Do you struggle with fatigue, frequent colds, flus, anxiety, depression, paranoia, insomnia, anemia, PMS, acne, allergies, swollen/inflamed tongue, hair loss, yellowed skin, herpes, psoriasis, nerve pain, shortness of breath, numbness/tingling in hands/legs/feet, balance problems while walking, incontinence, loss of taste and smell, brain fog or memory loss?
Vitamin B12 deficiency can be a very sneaky condition that gets missed, but it can quickly become serious and harmful. Don’t forget to speak to your child’s pediatrician about B12 testing. I’ll never forget a parent contacting me at Hypothyroid Mom about their 10 year old son who had fatigue, poor growth, learning challenges, anxiety, depression, irritability, “flat” emotional tone, leg pains, loss of appetite, and trouble walking. Turned out this boy had severe vitamin B12 deficiency. Often times children fall through the cracks of mainstream medicine. Vitamin deficiencies are thought to be only for “adults” but this is not the case.
Written by Dr. Jolene Brighten, ND
Vitamin B12 is a vital nutrient for energy, brain health, hormone function and pregnancy. Which is why a vitamin B12 deficiency impacts more than just energy.
And deficiency is more common than you might think.
Vitamin B12 Deficiency is Common
Depending on which study you look at, anywhere from 20-40% of the U.S. population has suboptimal levels of this nutrient. And these numbers are based on traditional lab values, not optimal functional values!
Twenty-40% may not sound so bad, but what if I told you that vitamin B12 can have profound effects on your energy and cognitive health?
B12 in the Body
B12 is an essential nutrient for brain and heart function, both of which lend themselves to overall health and vitality.
B12 works together with folate to aid in red blood cell formation and DNA synthesis.
It also helps to lower levels of the amino acid homocysteine, which, at elevated levels, is linked to serious conditions such as heart disease, osteoporosis, depression, and dementia.
This means that without B12, you can experience depression and other mood disorders, brain fog, fatigue, muscle weakness, lack of coordination, and hair loss. Worse – chronic depletion of B12 could mimic the signs and symptoms of brain diseases like dementia.
Vitamin B12 in Preconception and Pregnancy
For my prenatal ladies, lack of adequate B12 can also lead to neural tube defects, like spina bifida.
While folate is most commonly taken to prevent this, in the absence of B12, the folate can not be effectively metabolised and utilized by the body. The neural tube defect is estimated to occur between the 3rd and 4th week after conception, which is too early for most women to notice they are pregnant.
For this reason, I recommend both folate and B12 supplementation as part of a complete prenatal 3 months prior to conception. If you’re a woman and there is a chance you could become pregnant (even a slight one), I recommend at least having a complete B12 complex as part of your daily routine. I wrote the book Healing Your Body Naturally After Childbirth: The New Mom’s Guide to Navigating the Fourth Trimester.
Signs of Vitamin B12 Deficiency
- Tongue soreness
- Loss of appetite
- Numbness/ tingling of hands and/or feet
- Memory loss
- Disorientation/ Dementia
- Low blood pressure
- Intermittent constipation or diarrhea
How B12 Deficiencies Occur
There are several reasons you might be deficient in vitamin B12. Here are just a few:
You’re vegan or vegetarian
The most common reason for B12 deficiency is a vegan or vegetarian diet. B12 occurs naturally in animals and animal-derived products, so you may experience a deficiency if you avoid these foods.
Approximately 50% of vegetarians and 80% of vegans are deficient in B12.[4,5] It is a common misconception that you can easily get B12 from non-animal sources. Plant based sources that claim to have adequate B12 actually have forms of B12 that block your B12 and increase the demand!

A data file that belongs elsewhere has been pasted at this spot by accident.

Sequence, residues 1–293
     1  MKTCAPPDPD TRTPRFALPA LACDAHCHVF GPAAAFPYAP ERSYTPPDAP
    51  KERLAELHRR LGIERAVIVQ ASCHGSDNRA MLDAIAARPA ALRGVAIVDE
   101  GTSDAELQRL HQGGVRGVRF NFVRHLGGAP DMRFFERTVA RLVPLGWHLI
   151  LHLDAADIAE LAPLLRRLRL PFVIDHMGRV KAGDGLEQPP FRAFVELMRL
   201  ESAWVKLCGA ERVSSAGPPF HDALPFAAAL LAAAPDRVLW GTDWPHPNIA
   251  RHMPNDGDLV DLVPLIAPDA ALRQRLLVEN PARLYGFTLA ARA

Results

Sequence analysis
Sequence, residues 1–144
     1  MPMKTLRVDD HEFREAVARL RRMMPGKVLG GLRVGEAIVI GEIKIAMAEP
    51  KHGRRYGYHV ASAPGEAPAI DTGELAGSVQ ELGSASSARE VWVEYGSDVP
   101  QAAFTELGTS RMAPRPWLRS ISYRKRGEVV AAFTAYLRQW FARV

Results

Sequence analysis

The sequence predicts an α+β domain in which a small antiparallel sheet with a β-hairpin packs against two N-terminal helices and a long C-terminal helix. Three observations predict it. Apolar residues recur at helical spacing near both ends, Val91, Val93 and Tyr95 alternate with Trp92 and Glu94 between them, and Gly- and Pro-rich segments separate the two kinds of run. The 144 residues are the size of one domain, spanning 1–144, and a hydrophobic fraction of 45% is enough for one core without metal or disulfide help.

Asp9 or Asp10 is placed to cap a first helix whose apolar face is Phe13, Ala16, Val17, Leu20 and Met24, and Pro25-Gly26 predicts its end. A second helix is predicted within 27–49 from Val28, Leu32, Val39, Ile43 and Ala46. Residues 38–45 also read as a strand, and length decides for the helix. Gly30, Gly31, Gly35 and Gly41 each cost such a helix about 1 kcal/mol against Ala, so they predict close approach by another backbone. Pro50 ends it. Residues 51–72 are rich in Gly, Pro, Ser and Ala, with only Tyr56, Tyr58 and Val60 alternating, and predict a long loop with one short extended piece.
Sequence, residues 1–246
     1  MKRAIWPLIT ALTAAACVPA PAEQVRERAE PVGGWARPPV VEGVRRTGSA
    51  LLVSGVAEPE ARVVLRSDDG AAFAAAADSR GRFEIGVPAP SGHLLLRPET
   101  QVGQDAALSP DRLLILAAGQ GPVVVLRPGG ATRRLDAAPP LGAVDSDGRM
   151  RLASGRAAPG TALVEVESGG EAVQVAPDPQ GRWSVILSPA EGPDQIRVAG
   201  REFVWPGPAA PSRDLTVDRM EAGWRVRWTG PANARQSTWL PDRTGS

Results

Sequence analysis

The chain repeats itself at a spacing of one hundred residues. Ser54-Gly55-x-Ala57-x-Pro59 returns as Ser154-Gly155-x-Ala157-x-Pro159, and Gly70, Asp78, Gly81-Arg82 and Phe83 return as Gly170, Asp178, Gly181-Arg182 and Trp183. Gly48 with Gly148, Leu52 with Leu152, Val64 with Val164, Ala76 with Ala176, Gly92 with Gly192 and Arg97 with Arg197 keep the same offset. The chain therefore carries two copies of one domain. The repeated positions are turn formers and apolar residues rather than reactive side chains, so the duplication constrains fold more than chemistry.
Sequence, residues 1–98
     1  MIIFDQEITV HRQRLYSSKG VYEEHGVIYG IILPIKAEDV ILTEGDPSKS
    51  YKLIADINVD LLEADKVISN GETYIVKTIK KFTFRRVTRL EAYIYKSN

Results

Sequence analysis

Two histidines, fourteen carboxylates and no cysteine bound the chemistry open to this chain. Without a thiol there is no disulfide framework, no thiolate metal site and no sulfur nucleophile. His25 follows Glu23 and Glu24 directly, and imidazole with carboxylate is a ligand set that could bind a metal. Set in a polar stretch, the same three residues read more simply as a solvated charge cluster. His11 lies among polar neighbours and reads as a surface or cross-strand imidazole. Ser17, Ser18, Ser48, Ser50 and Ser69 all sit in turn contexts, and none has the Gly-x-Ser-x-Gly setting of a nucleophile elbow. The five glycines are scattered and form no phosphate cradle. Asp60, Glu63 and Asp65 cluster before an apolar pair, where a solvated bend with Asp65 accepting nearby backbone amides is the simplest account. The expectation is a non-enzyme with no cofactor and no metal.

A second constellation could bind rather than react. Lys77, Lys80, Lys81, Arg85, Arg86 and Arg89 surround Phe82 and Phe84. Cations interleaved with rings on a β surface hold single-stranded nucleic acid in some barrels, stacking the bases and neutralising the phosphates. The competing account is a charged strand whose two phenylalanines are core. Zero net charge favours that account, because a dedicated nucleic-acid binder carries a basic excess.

You have low HCl levels
While the word “acid’ doesn’t necessarily conjure thoughts about health and vitality, hydrochloric acid, or HCl, is vital to your body’s absorption of vitamin B12.
HCl is produced in the stomach to help you break down your food so it can be absorbed in the small intestine. As you age, your production of HCl naturally declines, but there are other causes for decreased production of HCl. Poor dietary practices, over the counter and prescription medications and autoimmune conditions like Hashimoto’s, Crohn’s and celiac disease can also inhibit HCl production and absorption of B12.
Your gut needs help
If there are other digestive issues at play, like SIBO (small intestinal bacterial overgrowth), leaky gut (or intestinal permeability), or other signs of gut dysbiosis, it’s possible you’re simply not absorbing the nutrients from your food.
Gut health is vital to B12 absorption. If you suspect any of these conditions, talk to your doctor about treatment options.
You don’t have to have a disease to have poor gut health! It is important to evaluate your digestion as a contributing factor for B12 deficiency. You need stomach acid to liberate B12, intrinsic factor to ready it for absorption and a healthy small intestine to absorb it.
Your intrinsic factor isn’t doing its job
Intrinsic factor is a protein that is excreted from the parietal cells in the stomach. Its primary function is to enable your body to absorb B12.
Pernicious anemia, atrophic gastritis, or antibodies that are directly attacking your intrinsic factor can all keep you from being able to absorb B12.
You’re over 50
Aging is a risk factor to developing a B12 deficiency — most likely due to the function of the gut.
Some studies show that up to 20% of Americans 65 and older are deficient in B12. Starting B12 supplementation at 50 years old can prevent you from developing a deficiency and all the symptoms and conditions that go along with it.
Your medication is interfering
Certain prescription and over the counter medications can inhibit your ability to absorb, utilize or maintain a healthy B12 level. Proton Pump Inhibitors (PPI) and other acid blocking drugs can decrease the amount of B12 available to you in your food.
Common cholesterol, gout, and diabetes drugs are known to inhibit absorption. Talk to your doctor about B12 testing if you are taking any of these medications.
You have an autoimmune condition
Atrophic gastritis, pernicious anemia, crohn’s disease, and celiac disease all affect your ability to liberate B12 from your food and absorb it.
If you have a family history of autoimmune disease or have an autoimmune disease, you should speak with your doctor about having proper testing to determine if this is the cause of your B12 deficiency.
You are hypothyroid